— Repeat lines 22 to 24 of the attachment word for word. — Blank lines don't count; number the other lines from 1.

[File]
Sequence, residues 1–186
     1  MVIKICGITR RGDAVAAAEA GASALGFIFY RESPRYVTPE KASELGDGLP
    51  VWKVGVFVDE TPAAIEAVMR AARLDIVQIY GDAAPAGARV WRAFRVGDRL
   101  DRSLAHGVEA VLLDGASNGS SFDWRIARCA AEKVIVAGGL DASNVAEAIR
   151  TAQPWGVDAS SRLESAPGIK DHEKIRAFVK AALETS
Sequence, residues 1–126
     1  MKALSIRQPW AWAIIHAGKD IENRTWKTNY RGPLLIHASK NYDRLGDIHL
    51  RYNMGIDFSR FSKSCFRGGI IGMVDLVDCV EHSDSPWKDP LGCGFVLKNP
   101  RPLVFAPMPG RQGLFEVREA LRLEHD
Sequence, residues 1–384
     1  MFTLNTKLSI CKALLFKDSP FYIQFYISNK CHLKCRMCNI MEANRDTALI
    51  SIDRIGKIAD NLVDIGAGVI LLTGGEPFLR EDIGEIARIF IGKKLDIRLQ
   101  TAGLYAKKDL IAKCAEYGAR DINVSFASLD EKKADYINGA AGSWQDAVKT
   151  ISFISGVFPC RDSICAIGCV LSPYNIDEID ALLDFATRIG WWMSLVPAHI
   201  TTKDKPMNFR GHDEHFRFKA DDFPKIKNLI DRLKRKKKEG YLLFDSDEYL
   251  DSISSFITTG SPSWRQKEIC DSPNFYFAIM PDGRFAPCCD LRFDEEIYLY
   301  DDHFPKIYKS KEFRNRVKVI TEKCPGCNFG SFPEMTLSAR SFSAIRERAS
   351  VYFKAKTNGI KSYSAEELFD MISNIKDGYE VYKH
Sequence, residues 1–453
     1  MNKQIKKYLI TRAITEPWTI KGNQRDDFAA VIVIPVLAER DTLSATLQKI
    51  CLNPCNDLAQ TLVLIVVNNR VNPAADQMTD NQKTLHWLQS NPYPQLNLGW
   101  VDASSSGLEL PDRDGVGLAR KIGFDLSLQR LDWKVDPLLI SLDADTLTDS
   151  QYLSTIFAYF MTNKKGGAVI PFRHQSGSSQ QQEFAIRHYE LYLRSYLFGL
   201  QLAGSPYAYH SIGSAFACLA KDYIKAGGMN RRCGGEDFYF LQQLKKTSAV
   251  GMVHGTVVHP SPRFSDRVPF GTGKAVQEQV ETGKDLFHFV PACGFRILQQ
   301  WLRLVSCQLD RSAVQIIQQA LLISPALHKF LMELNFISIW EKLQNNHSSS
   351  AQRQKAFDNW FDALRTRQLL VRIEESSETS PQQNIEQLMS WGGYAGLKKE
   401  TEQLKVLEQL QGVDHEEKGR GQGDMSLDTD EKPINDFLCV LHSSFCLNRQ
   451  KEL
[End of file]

   101  VDASSSGLEL PDRDGVGLAR KIGFDLSLQR LDWKVDPLLI SLDADTLTDS
   151  QYLSTIFAYF MTNKKGGAVI PFRHQSGSSQ QQEFAIRHYE LYLRSYLFGL
   201  QLAGSPYAYH SIGSAFACLA KDYIKAGGMN RRCGGEDFYF LQQLKKTSAV